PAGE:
Writing a Difference

I’ve previously praised Grey’s Anatomy for dealing wisely with tragedy, and given my opinion on its patronising portrayal of male (but not female) bonding. This American TV series won an award for its ‘colourblind’ casting and it’s refreshing to watch a series that deals with social issues and doesn’t making an issue out of (for example) a Black man running a hospital.

Suffering from (mild) medical colourblindness may perhaps make me less inclined to see social colourblindess in a totally positive light. I do, strongly, affirm its anti-racist intention. However when there seems to be an almost total absence of patient couples of the same ethnicity in Seattle, it is hardly something that viewers can be expected not to notice on a visual medium. Especially if we are also expected not to notice that the protagonist just happens to be a slim, blonde, able-bodied, monied, middle-class, middle American, tertiary educated, professional White cisgendered heterosexual female with no chronic mental health challenges and no police record. In other words, in every single dominant category apart from one. It’s this one we’re supposed to notice, as it puts her in a vulnerable position with all men. Obviously. And absolves her from any responsibility for being in all the others.

I’m not knocking the screenwriting or directing of Grey’s Anatomy. Other popular TV series could take a leaf out of their book. An episode of Murder She Wrote is set in an exclusively White Paris (Montmarte) that has never existed. Many American films set in ‘foggy London’ have exclusively White Anglo-Saxon characters, unless the protagonist happens to take a trip to meet a Scottish Highland laird, to consult a Gypsy fortune-teller, to visit an Irish bar or boxing club, a Jewish pawnbroker, a Chinese opium den (an addictive drug which Britain fought China to push) or a Black American jazz club. So the ethnicity of a character who isn’t a White Anglo-Saxon becomes their defining character trait and a convenient plot device.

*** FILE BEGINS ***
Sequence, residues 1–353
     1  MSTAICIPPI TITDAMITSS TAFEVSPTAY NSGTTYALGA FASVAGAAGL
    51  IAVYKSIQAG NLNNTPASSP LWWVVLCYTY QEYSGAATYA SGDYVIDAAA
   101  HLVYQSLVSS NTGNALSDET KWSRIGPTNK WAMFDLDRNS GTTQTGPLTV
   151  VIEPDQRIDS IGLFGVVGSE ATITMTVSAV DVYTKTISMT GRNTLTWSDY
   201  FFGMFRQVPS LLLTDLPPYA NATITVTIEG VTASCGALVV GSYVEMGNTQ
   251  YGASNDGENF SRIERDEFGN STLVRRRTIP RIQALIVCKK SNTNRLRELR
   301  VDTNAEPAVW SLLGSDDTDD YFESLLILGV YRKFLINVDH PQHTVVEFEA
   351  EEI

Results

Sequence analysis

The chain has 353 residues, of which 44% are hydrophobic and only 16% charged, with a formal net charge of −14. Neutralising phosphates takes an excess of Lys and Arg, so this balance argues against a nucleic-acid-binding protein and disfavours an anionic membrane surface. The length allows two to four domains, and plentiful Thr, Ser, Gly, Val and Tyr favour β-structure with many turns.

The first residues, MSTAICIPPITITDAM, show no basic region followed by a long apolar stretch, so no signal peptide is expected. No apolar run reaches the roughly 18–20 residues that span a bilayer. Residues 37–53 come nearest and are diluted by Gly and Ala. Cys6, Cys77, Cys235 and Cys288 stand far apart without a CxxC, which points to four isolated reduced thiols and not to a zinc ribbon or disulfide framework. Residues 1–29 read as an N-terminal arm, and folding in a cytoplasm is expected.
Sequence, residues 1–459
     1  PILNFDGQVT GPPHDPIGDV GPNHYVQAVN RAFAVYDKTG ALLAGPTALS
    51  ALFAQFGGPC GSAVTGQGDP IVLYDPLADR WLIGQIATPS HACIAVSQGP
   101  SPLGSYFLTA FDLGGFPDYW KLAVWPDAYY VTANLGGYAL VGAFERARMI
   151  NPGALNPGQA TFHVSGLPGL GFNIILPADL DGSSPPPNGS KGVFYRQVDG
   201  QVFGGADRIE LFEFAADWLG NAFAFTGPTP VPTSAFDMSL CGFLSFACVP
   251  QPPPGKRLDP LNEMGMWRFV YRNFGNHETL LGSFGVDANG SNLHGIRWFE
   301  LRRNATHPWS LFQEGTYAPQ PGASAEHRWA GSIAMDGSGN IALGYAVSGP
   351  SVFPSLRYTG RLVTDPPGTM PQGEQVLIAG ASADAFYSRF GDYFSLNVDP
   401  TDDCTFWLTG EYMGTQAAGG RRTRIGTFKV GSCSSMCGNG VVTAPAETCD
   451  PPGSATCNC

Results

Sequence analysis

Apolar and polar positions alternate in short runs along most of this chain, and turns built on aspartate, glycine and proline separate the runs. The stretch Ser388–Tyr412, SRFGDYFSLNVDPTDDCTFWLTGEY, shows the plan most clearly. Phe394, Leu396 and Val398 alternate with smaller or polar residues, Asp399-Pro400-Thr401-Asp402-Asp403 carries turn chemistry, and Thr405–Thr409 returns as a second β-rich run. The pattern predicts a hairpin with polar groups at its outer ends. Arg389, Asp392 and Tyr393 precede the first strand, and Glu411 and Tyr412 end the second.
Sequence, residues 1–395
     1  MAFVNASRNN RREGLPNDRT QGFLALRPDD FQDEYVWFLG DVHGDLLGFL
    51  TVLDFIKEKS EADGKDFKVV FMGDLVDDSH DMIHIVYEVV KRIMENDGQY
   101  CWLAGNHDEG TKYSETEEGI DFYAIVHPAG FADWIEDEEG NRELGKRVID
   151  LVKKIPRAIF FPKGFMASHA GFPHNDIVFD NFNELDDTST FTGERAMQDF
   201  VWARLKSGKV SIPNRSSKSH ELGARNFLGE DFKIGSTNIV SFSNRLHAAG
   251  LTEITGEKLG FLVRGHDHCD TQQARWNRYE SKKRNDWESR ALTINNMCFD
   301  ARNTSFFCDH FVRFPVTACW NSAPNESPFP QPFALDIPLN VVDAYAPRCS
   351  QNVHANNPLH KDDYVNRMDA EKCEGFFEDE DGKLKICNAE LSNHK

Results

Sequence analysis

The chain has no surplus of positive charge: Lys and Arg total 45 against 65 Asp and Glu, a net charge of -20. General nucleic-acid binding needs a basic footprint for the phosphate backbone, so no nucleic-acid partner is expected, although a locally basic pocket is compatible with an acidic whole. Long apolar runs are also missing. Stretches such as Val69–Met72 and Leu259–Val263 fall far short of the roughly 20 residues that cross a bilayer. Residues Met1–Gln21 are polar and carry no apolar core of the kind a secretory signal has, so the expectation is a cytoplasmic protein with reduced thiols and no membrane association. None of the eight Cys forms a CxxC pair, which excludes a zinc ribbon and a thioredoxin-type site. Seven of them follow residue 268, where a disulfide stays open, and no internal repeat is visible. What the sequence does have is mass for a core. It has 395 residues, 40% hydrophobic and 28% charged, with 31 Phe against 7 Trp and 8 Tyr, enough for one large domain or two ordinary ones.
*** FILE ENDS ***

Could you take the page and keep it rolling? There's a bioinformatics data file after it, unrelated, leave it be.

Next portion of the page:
When it comes to novel writing, which is not a visual medium (unless it happens to make it to the big or small screen) I tend to avoid explicitly labelling ethnicity but sometimes that’s not possible. In Shades of the Sun I drew on a mnemonic tradition of European occultism which functions precisely because of its strikingly memorable visual images. Among these are:

‘a woman, outwardly cloathed with a red garment, and under it a white, spreading abroad over her feet’